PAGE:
Working knowledge of existing laws and their real-world applications allows businesses to remain compliant and avoid unnecessary claims while also protecting the rights of valued employees.
Legal Topics Every HR Professional Should Know
There are several significant legal areas that all HR professionals should be familiar with to serve their employees and employers most effectively.
Workplace Discrimination Laws
Among the most critical legislation for HR professionals to understand, Equal Employment Opportunity (EEO) laws safeguard against discrimination based on age, disability, genetic information, national origin, race/color, sex, pregnancy, or religion. HR professionals should be acquainted with the individual laws that safeguard these protected classes of individuals, such as:
- Americans with Disabilities Act (ADA)
- Age Discrimination in Employment Act (ADEA)
- Equal Pay Act (EPA)
- Pregnancy Discrimination Act (PDA)
These regulations are practical in all stages of an employee’s lifecycle, from pre-hiring procedures through rightful termination. Discrimination claims can be brought even before a business brings someone in to interview, based on how job descriptions are crafted. HR professionals need to know the laws and the many ways they can be applied to avoid practices that expose an organization to undue liability.
There is also tremendous pressure on institutions to supply improved harassment training. HR employees must know what is legally considered harassment to help eradicate it in the workplace. Educated HR professionals can prevent harassment, protecting both the employees and the company.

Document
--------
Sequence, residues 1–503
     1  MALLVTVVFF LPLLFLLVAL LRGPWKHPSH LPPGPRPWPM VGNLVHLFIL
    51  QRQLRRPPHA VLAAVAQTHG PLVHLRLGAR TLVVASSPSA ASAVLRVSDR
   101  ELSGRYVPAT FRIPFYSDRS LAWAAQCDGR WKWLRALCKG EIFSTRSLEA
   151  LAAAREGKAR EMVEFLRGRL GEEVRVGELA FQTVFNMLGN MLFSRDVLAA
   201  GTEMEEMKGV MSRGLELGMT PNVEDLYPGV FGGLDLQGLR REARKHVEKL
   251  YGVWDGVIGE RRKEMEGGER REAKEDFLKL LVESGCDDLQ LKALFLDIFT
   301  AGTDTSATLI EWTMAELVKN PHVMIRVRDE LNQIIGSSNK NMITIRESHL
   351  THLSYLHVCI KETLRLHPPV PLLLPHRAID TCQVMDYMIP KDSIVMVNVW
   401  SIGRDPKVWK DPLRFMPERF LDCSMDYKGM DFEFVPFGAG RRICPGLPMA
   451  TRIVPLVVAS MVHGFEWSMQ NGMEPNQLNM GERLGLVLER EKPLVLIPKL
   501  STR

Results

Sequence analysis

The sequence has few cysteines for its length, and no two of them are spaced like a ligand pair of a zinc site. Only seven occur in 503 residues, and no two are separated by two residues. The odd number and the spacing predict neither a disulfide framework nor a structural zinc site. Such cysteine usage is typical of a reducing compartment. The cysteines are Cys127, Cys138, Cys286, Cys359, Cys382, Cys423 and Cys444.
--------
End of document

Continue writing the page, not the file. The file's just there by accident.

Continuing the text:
Wage and Hour Laws
These rules, covering the wages and hours of employees, are controlled by the U.S. Department of Labor. The primary statute—the Fair Labor Standards Act (FLSA)—has several essential functions.
For example, this statute:
- Dictates the national minimum wage
- Specified the 40-hour workweek
- Outlines requirements for overtime pay
- Mandates child labor regulations
Another essential statute in this class is the Family and Medical Leave Act (FMLA) of 1993, allowing qualified workers 12 weeks of unpaid leave for specific family and medical reasons, with a continuance of healthcare coverage and job protection. In 2010, this act was amended to include expanded flexibility for veterans and active military to offer them extra protection under the law.
Employee Benefits Laws
This class of regulations helps cover workers’ access to benefits.
The most prominent laws include:
- The Affordable Care Act, also known as “Obamacare,” was enacted to improve access to affordable healthcare for those living below poverty levels.
- The Employee Retirement Income Security Act (ERISA) specifies that any institution offering pension plans must meet specific minimum standards.
- The Consolidated Omnibus Budget Reconciliation Act (COBRA) requires insurance programs to deliver qualified workers access to continued health insurance coverage for a period of time after leaving employment.
The Health Insurance Portability and Accountability Act (HIPAA) affords workers and their dependents safety and privacy from releasing personal medical records. This rule also shields workers from discrimination based on medical conditions or history.
Should I Contact a Lawyer for Human Resources Policies?
To protect your company and your workers, you must have a comprehensive human resources policy in place. While no one else may know the ins and outs of your business like you do, you may not fully understand the law’s various requirements.
Therefore, you may wish to work with an employment lawyer when creating a human resources policy. Your attorney can help you create a policy that caters to your company’s needs and clearly defines the requirements of the law. Also, an attorney can be of assistance if your company is facing any internal or external legal claims. Use LegalMatch to resolve your legal claim today with the help of an experienced employment lawyer.